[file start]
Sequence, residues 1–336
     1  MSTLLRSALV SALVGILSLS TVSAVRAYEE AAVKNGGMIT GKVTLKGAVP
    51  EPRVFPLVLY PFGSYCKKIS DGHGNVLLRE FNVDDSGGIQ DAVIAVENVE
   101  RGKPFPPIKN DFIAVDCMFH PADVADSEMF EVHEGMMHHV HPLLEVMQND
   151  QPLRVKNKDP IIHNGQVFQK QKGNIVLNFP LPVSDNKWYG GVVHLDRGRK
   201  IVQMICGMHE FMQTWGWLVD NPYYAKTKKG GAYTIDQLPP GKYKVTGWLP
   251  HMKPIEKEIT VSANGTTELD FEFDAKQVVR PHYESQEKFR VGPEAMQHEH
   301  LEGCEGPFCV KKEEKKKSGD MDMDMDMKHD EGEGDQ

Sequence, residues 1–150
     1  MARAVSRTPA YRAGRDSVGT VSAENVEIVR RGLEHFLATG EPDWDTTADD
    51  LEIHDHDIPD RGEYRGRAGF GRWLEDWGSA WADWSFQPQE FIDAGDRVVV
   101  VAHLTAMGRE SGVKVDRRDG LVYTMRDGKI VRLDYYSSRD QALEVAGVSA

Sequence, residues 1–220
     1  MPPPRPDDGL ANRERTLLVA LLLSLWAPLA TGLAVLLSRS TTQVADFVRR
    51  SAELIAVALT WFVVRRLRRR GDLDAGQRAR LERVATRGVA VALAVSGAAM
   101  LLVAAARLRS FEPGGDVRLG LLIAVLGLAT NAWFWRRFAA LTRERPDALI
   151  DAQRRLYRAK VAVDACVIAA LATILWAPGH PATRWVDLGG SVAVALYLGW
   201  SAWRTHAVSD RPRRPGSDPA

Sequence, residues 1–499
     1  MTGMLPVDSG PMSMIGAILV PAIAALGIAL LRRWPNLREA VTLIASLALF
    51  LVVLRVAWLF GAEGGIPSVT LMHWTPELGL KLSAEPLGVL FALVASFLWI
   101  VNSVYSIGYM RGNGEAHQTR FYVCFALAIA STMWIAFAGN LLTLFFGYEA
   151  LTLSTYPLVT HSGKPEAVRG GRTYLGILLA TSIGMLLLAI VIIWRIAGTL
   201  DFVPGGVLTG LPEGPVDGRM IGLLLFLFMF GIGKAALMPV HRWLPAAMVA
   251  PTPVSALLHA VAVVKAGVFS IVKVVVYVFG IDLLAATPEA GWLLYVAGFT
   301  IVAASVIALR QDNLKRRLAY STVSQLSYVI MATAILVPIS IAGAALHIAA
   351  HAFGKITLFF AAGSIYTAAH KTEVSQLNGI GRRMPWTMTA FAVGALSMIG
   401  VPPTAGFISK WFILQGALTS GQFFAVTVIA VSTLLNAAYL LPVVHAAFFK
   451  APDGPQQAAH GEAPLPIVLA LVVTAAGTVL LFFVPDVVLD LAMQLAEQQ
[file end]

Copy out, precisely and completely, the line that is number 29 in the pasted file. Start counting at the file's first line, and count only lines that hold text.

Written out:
   451  APDGPQQAAH GEAPLPIVLA LVVTAAGTVL LFFVPDVVLD LAMQLAEQQ